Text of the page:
“We wanted guidance from him on how we can navigate the different political landscape in Cuba. We know how to do business in economies that are similar to ours, open market economies, but Cuba is slightly different. The ambassador has been gracious enough to give us guidance.”
He also said Cuba may not be an open economy like T&T but each market that Carib Glass is in right now, possesses its own “unique challenges.”
“In order to have a dynamic export business you have to be adaptable to the unique demands of each separate market. Different customers in different markets have different expectations and different duty structures, which require a great deal of flexibility in how we approach each market. So, while the Cuban market may not be open in the truest sense, it is just a different market. It is not necessarily better or worse.”
Carib Glass has been exporting throughout the entire region from Guyana all the way up to the US, he added.
Their biggest regional market is the Dominican Republic.
David Hadeed – Managing Director of CARIB Glassworks Limited (right) and Guillermo Vasquez, Cuba’s Ambassador to T&T, inspect a glass bottle from CARIB Glass’ new plant. Photo: Nicole Drayton.
“We know how to export. There is no glass manufacturer in Cuba right now. In the short term, we are looking at satisfying their glass demands since there is an opportunity to leverage the Cuba/Caricom Free Trade Agreement.
“In the short term, our focus is supply. If going into the market will put us in good stead—and it becomes viable to make a direct investment there—it is something we may consider. Right now, I cannot specify what we will do. We have the strength of the ANSA McAL Group behind us from a financial standpoint so once there is a feasible investment opportunity, there will be consideration given to it.”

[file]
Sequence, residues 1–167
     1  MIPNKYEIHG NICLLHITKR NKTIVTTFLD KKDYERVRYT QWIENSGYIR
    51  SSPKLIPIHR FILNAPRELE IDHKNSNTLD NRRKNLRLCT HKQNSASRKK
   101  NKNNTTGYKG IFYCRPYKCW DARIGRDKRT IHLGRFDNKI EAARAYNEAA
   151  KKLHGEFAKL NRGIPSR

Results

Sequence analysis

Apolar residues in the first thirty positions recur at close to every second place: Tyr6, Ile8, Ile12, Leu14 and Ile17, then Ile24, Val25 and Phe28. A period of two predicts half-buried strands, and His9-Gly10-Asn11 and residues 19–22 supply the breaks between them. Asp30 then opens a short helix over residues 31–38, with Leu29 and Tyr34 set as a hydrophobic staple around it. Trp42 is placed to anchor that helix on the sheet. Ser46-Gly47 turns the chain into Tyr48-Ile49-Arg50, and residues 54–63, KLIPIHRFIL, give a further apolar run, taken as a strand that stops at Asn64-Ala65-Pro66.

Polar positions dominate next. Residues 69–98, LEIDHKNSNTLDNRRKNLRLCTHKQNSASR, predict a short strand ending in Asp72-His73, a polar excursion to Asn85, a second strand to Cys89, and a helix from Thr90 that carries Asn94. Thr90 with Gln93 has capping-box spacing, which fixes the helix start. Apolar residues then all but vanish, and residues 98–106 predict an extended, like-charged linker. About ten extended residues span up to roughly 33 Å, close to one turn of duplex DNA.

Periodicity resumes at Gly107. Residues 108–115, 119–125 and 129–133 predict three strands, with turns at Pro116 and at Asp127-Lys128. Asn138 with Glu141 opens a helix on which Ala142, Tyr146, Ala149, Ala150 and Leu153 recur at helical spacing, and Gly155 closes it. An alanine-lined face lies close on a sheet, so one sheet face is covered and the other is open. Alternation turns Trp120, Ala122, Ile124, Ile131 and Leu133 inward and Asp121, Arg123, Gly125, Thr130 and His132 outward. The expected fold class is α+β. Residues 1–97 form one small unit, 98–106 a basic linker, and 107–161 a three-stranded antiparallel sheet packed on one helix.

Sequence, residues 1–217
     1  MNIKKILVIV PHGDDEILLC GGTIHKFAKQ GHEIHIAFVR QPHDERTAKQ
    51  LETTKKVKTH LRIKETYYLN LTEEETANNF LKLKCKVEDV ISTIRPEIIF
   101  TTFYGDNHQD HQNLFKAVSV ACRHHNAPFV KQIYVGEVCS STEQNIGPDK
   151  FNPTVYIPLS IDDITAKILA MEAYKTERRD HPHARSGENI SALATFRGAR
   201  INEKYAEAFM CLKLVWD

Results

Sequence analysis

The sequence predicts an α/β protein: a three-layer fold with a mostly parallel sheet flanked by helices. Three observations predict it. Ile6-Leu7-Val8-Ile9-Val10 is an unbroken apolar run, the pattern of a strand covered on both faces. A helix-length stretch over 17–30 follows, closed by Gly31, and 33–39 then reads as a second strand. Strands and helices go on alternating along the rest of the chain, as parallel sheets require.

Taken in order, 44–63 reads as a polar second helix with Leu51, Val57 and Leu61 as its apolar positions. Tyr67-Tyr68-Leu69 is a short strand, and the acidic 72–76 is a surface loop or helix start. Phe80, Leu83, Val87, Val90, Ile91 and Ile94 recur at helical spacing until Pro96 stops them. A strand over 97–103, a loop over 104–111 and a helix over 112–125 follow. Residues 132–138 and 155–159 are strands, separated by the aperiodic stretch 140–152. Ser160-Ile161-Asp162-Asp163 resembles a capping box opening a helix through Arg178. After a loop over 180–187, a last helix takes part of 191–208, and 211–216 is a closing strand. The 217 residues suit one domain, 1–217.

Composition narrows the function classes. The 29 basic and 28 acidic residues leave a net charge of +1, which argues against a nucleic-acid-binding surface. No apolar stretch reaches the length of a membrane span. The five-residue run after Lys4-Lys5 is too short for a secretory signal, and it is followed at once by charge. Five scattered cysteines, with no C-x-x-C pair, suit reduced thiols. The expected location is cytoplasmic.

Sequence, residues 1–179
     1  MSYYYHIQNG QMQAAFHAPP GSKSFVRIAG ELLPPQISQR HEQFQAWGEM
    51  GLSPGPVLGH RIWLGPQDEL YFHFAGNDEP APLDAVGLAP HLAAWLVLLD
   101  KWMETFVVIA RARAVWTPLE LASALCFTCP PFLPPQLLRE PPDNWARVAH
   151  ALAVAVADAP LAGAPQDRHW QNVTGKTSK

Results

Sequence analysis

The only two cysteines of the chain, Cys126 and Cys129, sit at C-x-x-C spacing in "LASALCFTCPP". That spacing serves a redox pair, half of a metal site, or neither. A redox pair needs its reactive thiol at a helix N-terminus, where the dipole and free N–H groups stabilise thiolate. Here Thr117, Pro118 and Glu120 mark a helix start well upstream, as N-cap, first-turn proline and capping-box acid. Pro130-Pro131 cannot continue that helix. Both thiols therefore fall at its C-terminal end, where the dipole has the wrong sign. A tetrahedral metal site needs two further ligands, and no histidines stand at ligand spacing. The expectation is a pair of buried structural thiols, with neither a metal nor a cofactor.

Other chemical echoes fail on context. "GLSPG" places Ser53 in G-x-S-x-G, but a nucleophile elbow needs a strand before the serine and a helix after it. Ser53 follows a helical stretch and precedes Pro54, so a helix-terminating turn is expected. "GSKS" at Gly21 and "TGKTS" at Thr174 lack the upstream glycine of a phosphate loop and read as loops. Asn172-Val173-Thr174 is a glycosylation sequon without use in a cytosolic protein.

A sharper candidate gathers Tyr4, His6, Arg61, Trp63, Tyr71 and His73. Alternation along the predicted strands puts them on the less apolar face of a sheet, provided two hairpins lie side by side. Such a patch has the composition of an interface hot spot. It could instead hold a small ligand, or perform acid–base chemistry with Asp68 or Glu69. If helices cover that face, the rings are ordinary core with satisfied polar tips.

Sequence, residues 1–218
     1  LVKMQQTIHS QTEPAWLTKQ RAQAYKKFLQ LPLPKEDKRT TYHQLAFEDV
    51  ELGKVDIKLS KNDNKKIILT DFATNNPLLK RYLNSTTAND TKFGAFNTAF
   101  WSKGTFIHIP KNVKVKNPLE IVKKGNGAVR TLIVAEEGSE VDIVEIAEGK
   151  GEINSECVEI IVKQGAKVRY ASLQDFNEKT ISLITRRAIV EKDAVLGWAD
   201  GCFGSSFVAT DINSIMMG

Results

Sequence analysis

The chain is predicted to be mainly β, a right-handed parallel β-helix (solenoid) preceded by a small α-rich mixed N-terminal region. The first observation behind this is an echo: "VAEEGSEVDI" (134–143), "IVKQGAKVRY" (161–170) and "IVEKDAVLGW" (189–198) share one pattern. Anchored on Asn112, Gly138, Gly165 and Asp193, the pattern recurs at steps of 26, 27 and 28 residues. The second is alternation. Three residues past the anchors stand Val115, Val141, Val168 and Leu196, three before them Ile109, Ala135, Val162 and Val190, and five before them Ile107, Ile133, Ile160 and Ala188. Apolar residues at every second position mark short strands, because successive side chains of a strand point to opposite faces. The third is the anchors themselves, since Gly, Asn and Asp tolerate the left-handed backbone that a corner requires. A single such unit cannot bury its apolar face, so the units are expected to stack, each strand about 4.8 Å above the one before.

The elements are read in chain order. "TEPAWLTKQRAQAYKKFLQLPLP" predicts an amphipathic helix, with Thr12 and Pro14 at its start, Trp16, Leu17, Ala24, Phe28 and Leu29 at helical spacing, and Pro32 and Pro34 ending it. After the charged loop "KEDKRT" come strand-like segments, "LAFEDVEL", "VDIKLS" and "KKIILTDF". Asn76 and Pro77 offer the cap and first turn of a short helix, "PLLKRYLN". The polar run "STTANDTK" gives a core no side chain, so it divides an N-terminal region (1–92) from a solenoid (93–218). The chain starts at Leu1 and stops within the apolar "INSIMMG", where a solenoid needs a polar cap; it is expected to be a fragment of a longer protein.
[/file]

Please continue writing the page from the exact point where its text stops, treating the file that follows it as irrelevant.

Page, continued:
The interest from T&T companies came as US President Barack Obama held the first visit by an American leader to the north Caribbean country in 88 years this week. Obama praised Cuba’s achievements in health and education and vowed to establish greater economic ties between the two economies.
Carib CEO Ian MacDonald, who is from Canada, had a private meeting with the Cuban Ambassador after a tour of the Carib Brewery plant. He told the Business Guardian that Cuba is “on the brink of greatness.”
“I think Cuba is on the brink of greatness, especially with what is going on with the United States. President Obama is visiting Cuba. I have many American friends who want to visit Cuba but they were prohibited because of the Helms-Burton Act which is now softening. Cuba has tremendous growth opportunities and it is a place where people want to be. There is tremendous opportunity to explore Cuba,” he said.